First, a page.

(The Chemical Garden Trilogy #1)
by Lauren DeStefano
Releases on 03.22.2011
Simon and Schuster
Source: ARC from fellow blogger
REVIEW: This book has a lot of hype, and I was extremely excited to read it for a few different reasons: 1) I love a good dystopian book; 2) I love a good 'issues' book, particularly if it affects young women. Doesn't matter if it's fiction or nonfiction, I love reading about 'issues'; 3) anything that smacks of FDLS interests me - that whole concept fascinates me in a heebie-jeebie kind of way.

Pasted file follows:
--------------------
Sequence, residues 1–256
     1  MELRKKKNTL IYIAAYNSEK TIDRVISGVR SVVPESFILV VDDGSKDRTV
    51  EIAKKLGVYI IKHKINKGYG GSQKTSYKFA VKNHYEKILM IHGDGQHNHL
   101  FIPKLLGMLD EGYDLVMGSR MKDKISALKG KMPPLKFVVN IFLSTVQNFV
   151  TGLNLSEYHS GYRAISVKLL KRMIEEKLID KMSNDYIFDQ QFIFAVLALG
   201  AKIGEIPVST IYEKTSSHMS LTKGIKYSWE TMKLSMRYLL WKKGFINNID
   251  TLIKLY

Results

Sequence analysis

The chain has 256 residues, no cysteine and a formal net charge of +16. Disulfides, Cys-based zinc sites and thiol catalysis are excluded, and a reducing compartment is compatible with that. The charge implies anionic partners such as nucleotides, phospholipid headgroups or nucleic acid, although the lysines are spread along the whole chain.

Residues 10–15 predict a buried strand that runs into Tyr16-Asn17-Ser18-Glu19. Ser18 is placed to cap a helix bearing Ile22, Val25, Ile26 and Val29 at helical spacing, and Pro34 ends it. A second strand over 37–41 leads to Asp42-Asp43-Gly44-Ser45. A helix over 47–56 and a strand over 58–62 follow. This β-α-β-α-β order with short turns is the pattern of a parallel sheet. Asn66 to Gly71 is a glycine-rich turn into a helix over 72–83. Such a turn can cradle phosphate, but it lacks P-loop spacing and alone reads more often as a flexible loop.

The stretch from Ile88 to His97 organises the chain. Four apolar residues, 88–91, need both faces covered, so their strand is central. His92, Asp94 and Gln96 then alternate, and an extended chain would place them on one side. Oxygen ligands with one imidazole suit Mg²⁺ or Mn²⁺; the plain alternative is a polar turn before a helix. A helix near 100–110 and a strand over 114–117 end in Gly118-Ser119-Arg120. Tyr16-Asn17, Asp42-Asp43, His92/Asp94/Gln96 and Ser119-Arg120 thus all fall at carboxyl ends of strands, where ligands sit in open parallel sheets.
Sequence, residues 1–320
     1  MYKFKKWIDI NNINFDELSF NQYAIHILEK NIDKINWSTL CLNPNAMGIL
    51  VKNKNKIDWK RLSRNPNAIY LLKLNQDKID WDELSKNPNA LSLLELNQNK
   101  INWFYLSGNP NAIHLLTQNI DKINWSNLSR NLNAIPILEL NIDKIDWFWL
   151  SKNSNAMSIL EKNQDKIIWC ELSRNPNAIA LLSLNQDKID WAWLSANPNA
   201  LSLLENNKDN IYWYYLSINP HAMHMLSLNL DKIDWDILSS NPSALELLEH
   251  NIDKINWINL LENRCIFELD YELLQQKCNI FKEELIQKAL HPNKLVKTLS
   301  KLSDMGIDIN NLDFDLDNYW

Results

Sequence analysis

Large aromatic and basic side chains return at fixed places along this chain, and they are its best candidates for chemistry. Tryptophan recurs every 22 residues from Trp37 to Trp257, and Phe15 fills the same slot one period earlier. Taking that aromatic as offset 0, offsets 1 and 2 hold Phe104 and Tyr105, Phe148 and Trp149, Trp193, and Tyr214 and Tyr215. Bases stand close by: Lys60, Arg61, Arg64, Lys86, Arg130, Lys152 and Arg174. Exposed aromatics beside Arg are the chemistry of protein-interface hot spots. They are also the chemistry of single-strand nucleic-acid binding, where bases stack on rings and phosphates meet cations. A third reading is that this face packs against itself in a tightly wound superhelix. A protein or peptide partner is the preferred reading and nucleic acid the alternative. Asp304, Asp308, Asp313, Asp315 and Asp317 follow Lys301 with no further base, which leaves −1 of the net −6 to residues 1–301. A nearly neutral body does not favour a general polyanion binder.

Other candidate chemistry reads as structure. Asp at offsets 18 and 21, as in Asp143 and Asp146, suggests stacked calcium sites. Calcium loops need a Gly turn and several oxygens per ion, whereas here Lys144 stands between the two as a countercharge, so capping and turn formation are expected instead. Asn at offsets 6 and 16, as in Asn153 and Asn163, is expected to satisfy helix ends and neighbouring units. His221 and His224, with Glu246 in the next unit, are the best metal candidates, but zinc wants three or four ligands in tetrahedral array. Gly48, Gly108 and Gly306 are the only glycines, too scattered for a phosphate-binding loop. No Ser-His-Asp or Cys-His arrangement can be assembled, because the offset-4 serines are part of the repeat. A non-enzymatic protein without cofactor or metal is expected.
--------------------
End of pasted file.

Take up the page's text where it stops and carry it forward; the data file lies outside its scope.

First off, Lauren DeStefano is a beautiful writer. That's the best part about Wither. Her descriptions are wonderful, and I never had any issues picturing what she was describing. The first chapter? I thought it was one of the most captivating intros I've recently read, and my personal opinion is that it was the most exciting part of the book. As for her characters, each is distinct and interesting, from the quietly headstrong Rhine, to the complex Jenna, to the child-bride Cecily. Housemaster Vaughn is a creepy, creepy old man, and his son Linden, aka, the Governor, is both pathetic and good-natured. In particular, Rhine, the protagonist and first-person narrator, has a very clear voice. I found that her intelligence and vulnerability made her a very 'real' character. At first, she quickly assesses her situation and is fiercely determined to escape from her pretty cage, but as time goes on, she occasionally finds herself slipping under the spell of her prison's charms and the kindness of Linden. As much as I think any of us would sympathize with her plight, I think we equally would find common ground with her as she starts to acknowledge her growing affection for various people in the house. With there being three different wives, the reader is treated to an excellent lesson on perspective, about how one's background can help determine how a person approaches various hardships. Straight up, if I were in Rhine's place and had to live as she and her brother did day-to-day and knew I only had four years to live, I would think, "Sweeeeet! Hey, can we get my bro a job here or something?" Would I play happy little wife in a gilded cage to spend the remaining years of my life in comfort and to secure my brother's comfort, as well? In our current 2011 world? Hell no. In Rhine's post-apocalyptic world? You better believe it. Does that sound crazy? Let me know what you think after you read. My personal opinion is that necessity and comfort are the mothers of persuasion.